Published Date

August 1, 1944

Resource Type

GI Roundtable Series, Primary Source

From GI Roundtable 11: What Shall Be Done with the War Criminals? (1944) 

Many people believe that the United Nations, either individually or jointly, should dispose of all Axis war criminals by shooting or hanging. A little reflection, however, shows that this solution of the problem, though simple, might be contrary to the best interests of the peoples who have suffered from the Axis cruelties. Apart from this, the question has been raised whether capital punishment for most of the guilty is in harmony with scientific criminology and penology.

In the United States we regard every offender as an individual. His assets and liabilities are studied and a program is planned to make the most of his abilities, develop new ones, curb his bad habits, and gradually restore him to a useful and law-abiding place in society. Should this policy be followed for the war criminals?

This is a difficult question to answer. For ordinary offenders, society can afford to experiment with the humane approach, and the public, even the victims and their families, can be made to agree to a policy of rehabilitation. In the case of war offenders of the Axis type, who have, committed thousands of shocking atrocities, measures of cure and rehabilitation of the individual offender according to his needs would be interpreted (especially by the surviving victims of Axis brutality) as undeserved leniency. In the end, doubtless, the laws of every country where the war criminals are tried will determine the type of punishment.

If the chiefs of state and their henchmen are tried by an international criminal court, it should be remembered that such an organ of justice does not have its own prison establishment or psychiatric and reformatory institutions. It would have to create its own bureau of punishment and correction; make arrangements for housing, feeding, and giving work to prisoners; keep track of their progress; and consider applications for parole.

If the feelings of the occupied countries are taken into account, however, death would be the punishment for all the leading Nazi and Japanese offenders. This would of course solve the problem of providing prisons and other places of detention. On the other hand, it is argued by some that, for political and economic reasons and to avoid creating “martyrs,” it might be wiser to impose sentences of death on certain leaders and then commute them to prison terms at hard labor for life, perhaps on lonely islands in distant seas, whence escape would be impossible. The example of Napoleon banished to the island of St. Helena is mentioned as a precedent.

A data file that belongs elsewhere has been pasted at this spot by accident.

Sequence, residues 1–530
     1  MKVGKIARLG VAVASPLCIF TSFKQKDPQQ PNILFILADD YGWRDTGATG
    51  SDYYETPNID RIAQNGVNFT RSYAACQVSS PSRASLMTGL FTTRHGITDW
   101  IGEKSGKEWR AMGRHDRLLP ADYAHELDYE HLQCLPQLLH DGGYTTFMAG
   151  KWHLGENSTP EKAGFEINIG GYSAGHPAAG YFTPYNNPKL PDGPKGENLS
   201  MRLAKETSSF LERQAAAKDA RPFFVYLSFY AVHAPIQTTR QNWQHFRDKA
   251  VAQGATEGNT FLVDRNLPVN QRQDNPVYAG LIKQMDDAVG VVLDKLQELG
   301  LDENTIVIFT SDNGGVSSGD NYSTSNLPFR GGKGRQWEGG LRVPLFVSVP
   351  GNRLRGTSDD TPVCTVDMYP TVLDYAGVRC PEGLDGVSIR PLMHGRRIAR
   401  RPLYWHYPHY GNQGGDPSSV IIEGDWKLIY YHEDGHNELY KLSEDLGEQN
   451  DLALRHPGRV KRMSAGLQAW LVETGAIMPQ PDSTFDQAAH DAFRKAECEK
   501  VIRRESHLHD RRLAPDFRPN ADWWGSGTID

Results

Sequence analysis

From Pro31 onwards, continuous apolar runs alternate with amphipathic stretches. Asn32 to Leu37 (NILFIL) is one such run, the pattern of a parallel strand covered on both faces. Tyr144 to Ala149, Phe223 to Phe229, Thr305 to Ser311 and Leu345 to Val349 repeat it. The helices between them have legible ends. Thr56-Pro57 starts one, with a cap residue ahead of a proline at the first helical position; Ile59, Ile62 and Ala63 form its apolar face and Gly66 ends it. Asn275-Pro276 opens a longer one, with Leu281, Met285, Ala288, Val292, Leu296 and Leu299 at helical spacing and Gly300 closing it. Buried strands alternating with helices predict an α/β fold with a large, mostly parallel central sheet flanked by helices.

In the case of many prominent Axis criminals it is perhaps useless to attempt correction and rehabilitation. They could be studied by psychiatric clinics, however, so that we might learn what made these men defy the laws of civilization and lead millions of their fellow countrymen to an orgy of death and destruction. We might learn a great deal about international gangsterism if we knew what made these men tick.

For the younger offenders reeducation and rehabilitation might be prescribed with a view to helping them to shed the horrible Nazi and Japanese doctrines and gradually become good citizens.

It is generally agreed that the United Nations should force Germany, Japan, and their satellites to pay the expenses of the trials and the cost of detaining, correcting, and rehabilitating the war criminals. Before the war ends the United Nations Commission on War Criminals will probably work out policy agreements among the governments concerned for (1) the classification of offenders; (2) the use of penal and correctional facilities by the proposed international court; (3) employment of prison labor in the devastated areas; and (4) other measures that will be necessary for carrying out the verdicts of courts of law.

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